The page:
TAS2020: Day 23

The beach at Little Musselroe Bay – the further accessible NE point in Tasmania

What a difference a day makes. What could be better than being wakened by nature’s alarm of the dawn chorus of a wide variety of bird song and calls, or than opening the tent flap to a bright sunny morning with no wind? Not a lot! But how could you follow that, well ……

… by a breakfast of bacon and eggs, of course. That was how our day 23 started and the rest of day held a few surprises. Whether walking or driving, Kerena and I have, on occasion, been undecided as to whether to take a particular turning or divert to a possible point of interest. I can’t vouch for the occasions where we have decided not to, but by making the effort to make the diversion, we have almost always been rewarded by little gems. This happened to us on three occasions today.

Last night we agreed that we would head as far north east as possible and take a loop to the west back to the campsite.

We came across the first gem on the road to Gladstone. There was a sign to the Blue Lake. As we had only been on the road for about 20 minutes, we looked at each other and agreed to make the turn. What we saw was the most amazing coloured lake. The colour in this photo has not been enhanced in any way – it truly was like this. The colour is the result of minerals leeching from the granite and the residue left from the tin mining in the surrounding area. The water is highly acidic and contains high levels of aluminium. Despite the signs warning not to swim in or drink the water, a couple of guys were having lots of fun diving into the water – hopefully the won’t have any long terms regrets.

The Blue Lake

The second gem we came across was the carvings at Legerwood. Kerena had mentioned that she would like to visit Ringarooma for no other reason than it has an interesting name. This involved turning off the main road. On approaching the junction she did not seem that keen, however I made the turn, not wanting her to wonder for the rest of her life what is at Ringarooma! In Legerwood on the way to Ringarooma, we had to take a right hand corner, revealing a series of timber carvings. These were originally trees planted to commemorate the local lives lost in the first world war. In about 2005 the trees were condemned and were due to be removed, much to the dismay of the town. So they raised money to have a chainsaw sculptor to shape the tree bases and carve the figures that now sit on the various branches.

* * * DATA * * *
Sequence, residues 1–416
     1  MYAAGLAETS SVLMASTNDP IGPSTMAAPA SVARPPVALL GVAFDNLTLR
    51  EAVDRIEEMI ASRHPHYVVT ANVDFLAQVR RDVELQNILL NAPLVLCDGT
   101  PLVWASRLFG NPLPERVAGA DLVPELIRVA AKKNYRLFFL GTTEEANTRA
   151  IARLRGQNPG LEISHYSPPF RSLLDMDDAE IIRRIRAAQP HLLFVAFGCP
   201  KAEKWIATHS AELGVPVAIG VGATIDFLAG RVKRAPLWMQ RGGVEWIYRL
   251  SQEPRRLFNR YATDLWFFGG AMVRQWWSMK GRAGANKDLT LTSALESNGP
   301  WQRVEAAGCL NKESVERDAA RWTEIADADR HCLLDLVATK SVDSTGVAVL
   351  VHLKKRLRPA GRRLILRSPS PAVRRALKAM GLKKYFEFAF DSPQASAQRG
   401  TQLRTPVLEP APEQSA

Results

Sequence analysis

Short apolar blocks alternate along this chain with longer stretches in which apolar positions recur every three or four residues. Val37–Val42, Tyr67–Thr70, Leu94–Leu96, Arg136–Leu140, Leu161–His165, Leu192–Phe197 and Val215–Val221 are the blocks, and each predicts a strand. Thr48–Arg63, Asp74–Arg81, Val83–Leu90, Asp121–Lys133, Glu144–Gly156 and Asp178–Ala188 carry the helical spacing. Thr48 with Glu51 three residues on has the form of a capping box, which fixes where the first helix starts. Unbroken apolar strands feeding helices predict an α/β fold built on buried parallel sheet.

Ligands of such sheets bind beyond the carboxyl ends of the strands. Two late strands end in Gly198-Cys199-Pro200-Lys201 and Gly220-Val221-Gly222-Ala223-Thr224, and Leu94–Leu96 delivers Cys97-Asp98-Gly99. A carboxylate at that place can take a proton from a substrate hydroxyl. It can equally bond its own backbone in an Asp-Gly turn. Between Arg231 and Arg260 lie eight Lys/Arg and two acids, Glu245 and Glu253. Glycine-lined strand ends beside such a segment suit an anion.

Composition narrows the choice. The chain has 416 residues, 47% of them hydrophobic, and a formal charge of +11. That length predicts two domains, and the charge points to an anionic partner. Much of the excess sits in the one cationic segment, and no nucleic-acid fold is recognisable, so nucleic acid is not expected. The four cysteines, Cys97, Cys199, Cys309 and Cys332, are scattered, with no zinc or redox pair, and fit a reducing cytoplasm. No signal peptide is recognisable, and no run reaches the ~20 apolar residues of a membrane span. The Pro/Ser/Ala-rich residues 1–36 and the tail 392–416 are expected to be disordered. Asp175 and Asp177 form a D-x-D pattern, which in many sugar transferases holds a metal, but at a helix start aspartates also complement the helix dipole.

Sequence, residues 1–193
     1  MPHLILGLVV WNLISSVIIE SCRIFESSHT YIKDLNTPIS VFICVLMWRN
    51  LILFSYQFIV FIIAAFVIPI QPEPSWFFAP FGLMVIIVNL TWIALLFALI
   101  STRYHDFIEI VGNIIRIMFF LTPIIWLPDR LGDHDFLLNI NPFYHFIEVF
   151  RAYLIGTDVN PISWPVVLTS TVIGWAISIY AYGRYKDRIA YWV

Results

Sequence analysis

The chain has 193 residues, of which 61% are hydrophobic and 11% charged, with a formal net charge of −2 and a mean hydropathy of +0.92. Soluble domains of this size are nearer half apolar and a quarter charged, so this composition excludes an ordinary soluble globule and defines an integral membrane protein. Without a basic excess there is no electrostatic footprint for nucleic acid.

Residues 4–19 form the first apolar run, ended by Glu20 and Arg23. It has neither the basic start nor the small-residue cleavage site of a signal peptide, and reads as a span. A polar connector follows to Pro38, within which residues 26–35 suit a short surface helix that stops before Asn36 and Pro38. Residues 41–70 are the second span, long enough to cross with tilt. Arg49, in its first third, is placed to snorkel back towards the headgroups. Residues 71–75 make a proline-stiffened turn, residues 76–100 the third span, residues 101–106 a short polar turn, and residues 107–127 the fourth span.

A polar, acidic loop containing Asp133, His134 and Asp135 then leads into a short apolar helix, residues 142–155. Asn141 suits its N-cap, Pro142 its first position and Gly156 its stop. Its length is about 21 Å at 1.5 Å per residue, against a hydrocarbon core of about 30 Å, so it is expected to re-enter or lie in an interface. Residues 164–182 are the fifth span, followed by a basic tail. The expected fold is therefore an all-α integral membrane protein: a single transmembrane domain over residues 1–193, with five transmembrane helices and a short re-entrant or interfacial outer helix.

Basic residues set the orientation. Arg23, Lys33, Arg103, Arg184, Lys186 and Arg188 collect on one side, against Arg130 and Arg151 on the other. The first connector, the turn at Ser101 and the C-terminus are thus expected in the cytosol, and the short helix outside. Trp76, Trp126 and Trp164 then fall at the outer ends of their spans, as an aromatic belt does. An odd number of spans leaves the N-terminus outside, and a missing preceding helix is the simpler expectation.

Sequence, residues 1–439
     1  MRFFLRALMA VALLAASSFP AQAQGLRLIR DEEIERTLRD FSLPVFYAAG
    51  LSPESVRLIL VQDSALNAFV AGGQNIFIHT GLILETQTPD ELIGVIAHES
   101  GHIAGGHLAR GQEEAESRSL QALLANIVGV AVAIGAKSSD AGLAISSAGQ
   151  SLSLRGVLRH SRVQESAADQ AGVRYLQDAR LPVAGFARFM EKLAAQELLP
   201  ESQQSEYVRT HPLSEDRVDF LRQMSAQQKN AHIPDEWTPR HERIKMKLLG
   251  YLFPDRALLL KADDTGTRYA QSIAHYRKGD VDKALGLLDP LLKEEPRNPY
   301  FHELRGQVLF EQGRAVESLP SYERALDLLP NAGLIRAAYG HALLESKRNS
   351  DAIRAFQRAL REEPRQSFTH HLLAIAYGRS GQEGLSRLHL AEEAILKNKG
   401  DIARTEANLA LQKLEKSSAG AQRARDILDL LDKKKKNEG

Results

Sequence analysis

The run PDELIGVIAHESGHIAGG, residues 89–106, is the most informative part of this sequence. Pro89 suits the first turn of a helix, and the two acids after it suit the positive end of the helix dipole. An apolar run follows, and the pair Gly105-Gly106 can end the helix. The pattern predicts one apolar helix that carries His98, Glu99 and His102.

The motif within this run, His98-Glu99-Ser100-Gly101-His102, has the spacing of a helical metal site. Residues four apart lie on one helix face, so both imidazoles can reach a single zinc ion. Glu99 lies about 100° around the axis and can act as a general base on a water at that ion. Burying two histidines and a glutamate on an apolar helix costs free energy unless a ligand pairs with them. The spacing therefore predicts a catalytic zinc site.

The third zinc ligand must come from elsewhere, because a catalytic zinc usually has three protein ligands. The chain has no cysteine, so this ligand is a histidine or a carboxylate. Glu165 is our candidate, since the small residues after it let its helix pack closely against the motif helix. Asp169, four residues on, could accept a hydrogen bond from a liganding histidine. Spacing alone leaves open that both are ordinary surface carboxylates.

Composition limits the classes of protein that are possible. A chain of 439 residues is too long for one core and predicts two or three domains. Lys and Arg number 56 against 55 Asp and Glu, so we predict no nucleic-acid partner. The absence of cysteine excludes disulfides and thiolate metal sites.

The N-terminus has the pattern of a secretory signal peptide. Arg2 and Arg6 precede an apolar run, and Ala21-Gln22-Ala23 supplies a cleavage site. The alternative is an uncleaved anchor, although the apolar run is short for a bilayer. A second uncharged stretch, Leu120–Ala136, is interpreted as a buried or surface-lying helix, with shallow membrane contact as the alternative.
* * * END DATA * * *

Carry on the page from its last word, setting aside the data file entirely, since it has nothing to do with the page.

Commemorative carvings at Legerwood

The final one was one we went looking for when we arrived in Weldborough, but we didn’t go far enough along the road. This time we approached it from. the other side and almost went passed it without noticing the small sign. The Mount Paris Dam is a wall that once held back a large body of water to serve the tin mining industry. Built from concrete wheelbarrowed layer by layer, this is an amazing feast of human endeavour. It no longer holds back the water as you can see from this photograph. Unfortunately, it was difficult to get far enough back to illustrate its height and length, but hopefully you get an idea from this image.

The river flows through an opening in the Mount Paris Dam

So, tonight is the last night in the tent – tomorrow we are heading to Mountain Valley where we have booked two nights in a log cabin before we have to catch the ferry back to Victoria on Tuesday evening.

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